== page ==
Walker faces defending champion Kerri Einarson in an afternoon semifinal with the winner taking on Ontario’s Rachel Homan for the championship at night.

Jones missed an attempted double takeout in the 10th end, which left Walker an open draw to score three for the win in the tiebreaker.

Manitoba and Alberta were tied for third at 9-3 after the championship round, which required a tiebreaker game to solve.

Jones, a six-time champion at the Scotties Tournament of Hearts, was chasing a record seventh title.

This report by The Canadian Press was first published Feb. 28, 2021.

The Canadian Press

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Let ‘er buck: Study suggests horses learn from rodeo experience, grow calmer

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CALGARY — Rodeo fans love the thrill of a bronc exploding into the ring, cowboy temporarily aboard. How the horse feels about it hasn’t been so clear.

Newly published research out of the University of Calgary looks at three years of roughstock events from that city’s Stampede in an attempt to peer inside the mind of an animal about to let ‘er buck.

“I try to understand the animal’s perspective,” said Ed Pajor, a professor of veterinary medicine. “We asked the question whether or not horses find participating in the rodeo to be an adversive experience or not.”

Pajor and his co-authors — Christy Goldhawk from the University of Calgary and well-known animal behaviourist Temple Grandin — studied 116 horses in bareback, novice bareback, saddle bronc and novice saddle bronc events. They looked at animals about to be loaded into a trailer and taken to the ring. They also observed how the horses behaved while in the chute waiting to be unleashed.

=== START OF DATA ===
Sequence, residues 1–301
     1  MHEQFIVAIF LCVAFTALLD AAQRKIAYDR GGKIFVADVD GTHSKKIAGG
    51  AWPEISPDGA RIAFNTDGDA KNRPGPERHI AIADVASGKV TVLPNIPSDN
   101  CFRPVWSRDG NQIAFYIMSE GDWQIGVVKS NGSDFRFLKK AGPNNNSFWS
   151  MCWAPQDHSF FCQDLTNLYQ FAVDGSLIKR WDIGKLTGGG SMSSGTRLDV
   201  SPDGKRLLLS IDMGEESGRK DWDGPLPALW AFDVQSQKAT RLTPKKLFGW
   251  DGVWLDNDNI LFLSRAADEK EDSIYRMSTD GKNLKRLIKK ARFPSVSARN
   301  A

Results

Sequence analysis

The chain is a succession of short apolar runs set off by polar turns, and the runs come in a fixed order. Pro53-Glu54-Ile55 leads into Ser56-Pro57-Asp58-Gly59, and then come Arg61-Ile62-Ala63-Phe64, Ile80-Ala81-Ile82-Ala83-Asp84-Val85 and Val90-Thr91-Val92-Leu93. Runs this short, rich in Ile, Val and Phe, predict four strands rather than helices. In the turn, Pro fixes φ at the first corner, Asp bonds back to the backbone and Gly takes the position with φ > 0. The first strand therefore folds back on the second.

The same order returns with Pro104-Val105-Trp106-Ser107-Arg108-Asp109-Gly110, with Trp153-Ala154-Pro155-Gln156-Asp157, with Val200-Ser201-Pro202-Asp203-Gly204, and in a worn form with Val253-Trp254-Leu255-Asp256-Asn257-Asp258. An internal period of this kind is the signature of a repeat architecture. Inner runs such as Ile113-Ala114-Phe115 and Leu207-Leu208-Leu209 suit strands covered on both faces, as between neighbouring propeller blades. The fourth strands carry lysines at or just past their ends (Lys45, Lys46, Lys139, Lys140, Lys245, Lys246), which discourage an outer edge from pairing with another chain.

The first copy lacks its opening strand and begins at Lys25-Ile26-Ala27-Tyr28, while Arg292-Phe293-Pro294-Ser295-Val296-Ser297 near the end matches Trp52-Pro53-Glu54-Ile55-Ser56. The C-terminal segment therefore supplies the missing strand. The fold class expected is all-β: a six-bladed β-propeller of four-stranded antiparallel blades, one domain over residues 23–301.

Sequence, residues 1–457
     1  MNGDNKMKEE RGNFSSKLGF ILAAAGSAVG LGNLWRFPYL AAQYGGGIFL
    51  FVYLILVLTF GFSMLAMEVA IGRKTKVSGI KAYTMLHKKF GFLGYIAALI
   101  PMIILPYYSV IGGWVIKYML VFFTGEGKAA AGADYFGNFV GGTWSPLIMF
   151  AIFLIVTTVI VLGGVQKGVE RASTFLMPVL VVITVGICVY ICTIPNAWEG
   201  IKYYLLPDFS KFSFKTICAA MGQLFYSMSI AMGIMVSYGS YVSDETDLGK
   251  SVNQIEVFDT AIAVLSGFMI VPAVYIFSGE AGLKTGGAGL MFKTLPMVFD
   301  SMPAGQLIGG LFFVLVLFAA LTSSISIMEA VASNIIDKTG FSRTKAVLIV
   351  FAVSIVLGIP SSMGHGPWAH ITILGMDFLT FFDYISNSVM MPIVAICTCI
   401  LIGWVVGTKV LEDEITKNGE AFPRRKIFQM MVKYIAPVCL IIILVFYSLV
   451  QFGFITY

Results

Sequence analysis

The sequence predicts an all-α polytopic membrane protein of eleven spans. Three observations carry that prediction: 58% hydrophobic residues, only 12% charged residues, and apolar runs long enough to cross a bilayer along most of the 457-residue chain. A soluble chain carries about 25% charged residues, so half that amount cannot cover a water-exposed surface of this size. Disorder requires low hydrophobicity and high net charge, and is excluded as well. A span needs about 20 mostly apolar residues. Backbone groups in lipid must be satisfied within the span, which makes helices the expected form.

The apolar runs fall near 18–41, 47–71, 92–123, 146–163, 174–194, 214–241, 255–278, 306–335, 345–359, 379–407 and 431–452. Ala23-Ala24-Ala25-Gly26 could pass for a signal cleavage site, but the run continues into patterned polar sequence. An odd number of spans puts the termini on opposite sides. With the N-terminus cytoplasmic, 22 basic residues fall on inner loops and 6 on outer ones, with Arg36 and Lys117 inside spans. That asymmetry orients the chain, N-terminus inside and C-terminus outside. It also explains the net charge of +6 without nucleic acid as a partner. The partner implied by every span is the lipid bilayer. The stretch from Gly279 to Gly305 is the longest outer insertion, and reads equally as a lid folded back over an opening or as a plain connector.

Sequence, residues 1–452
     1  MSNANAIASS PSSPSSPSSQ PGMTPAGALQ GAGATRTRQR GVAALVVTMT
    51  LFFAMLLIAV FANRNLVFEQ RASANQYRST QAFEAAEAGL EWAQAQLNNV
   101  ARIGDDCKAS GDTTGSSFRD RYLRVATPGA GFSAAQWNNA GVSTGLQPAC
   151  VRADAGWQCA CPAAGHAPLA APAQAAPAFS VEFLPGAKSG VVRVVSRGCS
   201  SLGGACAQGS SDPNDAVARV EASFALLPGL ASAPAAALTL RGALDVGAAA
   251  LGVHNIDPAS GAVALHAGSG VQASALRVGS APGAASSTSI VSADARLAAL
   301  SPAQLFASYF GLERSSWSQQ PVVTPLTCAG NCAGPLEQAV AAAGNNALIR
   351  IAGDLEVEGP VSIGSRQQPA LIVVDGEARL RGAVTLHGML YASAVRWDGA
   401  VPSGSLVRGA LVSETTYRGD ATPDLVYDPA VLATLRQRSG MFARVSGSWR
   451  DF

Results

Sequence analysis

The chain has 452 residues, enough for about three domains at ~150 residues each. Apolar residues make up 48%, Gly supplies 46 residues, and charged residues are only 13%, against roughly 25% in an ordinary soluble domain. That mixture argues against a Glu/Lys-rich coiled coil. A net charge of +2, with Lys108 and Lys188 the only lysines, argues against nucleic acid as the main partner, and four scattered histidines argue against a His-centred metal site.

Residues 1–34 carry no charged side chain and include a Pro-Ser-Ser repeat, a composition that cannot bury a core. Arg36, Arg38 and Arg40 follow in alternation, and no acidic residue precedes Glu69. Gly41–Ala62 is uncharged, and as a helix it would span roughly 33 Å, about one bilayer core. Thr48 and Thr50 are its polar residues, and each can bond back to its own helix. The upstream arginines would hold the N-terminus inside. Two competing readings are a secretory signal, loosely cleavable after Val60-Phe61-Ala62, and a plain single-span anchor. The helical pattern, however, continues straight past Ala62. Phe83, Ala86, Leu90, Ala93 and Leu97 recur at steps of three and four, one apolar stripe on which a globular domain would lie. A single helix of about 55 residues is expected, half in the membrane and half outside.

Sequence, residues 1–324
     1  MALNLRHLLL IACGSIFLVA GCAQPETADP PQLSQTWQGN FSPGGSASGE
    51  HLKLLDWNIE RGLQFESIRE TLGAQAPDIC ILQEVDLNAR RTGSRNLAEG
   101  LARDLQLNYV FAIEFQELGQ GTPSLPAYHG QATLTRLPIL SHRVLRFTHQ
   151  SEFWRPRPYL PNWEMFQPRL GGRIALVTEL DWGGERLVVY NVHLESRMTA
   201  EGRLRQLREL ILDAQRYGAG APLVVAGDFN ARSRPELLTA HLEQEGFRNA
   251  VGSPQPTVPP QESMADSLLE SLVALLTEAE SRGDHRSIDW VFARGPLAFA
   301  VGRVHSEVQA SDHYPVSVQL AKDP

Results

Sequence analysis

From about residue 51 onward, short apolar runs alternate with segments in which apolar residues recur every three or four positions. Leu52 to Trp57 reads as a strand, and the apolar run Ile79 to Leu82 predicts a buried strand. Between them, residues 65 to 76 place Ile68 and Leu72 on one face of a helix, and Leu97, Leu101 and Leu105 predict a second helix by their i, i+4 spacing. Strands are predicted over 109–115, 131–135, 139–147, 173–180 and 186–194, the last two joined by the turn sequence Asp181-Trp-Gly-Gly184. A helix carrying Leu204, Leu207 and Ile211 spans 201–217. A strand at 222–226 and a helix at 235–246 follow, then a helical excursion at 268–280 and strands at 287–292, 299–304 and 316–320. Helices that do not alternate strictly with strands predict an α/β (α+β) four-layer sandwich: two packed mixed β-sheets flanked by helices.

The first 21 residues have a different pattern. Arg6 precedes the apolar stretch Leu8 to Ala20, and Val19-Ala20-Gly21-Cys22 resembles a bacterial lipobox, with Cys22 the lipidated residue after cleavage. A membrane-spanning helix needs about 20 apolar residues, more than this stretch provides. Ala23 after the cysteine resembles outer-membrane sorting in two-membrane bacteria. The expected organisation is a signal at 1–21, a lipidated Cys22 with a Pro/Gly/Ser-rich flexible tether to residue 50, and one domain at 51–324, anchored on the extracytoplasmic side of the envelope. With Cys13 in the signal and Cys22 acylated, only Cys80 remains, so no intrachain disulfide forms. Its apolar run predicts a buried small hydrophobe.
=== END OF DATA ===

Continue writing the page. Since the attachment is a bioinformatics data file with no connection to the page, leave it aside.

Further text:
Horses have all kinds of ways of showing they’re unhappy, Pajor said. They might move back and forth, chew their lips, swish their tail, defecate, roll their eyes, paw the ground, toss their head, or rear up in protest.

The researchers found that the more people were around them, the more likely the horses were to show unease. That’s probably because they spend most of their time in fields and pastures and aren’t used to the bustle, Pajor said.

The other factor that affected behaviour was experience. If it wasn’t their first rodeo, the horses were much less likely to act up.

“We didn’t see a lot of attempts to escape. We didn’t see a lot of fear-related behaviours at all,” Pajor said. “The animals were pretty calm.

“The animals that had little experience were much more reactive than the animals that had lots of experience.”

There could be different reasons for that, he suggested.

“We don’t know if that’s because they’re used to the situation or whether that’s because of learned helplessness — they realize there’s nothing they can do and just give up.”

Pajor suspects the former.

“When the cowboys came near the horses, they would certainly react and you wouldn’t really see that if it was learned helplessness.”

The researchers also noted that the horses’ bucking performance, as revealed in the score from the rodeo judges, didn’t seem to be reduced by repeated appearances as it might be if the animals had become apathetic.

That doesn’t necessarily mean the horses are having a good time, said Pajor, who’s also on the Stampede’s animal welfare advisory board. There are a couple of ways of interpreting active behaviour in the chute, he said.

“An animal might be getting excited to perform. Or an animal might be having a fear response.”

“Understanding if animals like to do something is a tricky thing to do.”

Pajor knows there are different camps when it comes to rodeos and animals.

“People have very strong opinions on the use of animals for all kinds of reasons. I think no matter what we’re going to use animals for, we really need to make sure that we treat them humanely.

“My job is to do the research to understand the animals’ perspective.”

This report by The Canadian Press was first published Feb. 28, 2021.

— By Bob Weber in Edmonton. Follow @row1960 on Twitter

The Canadian Press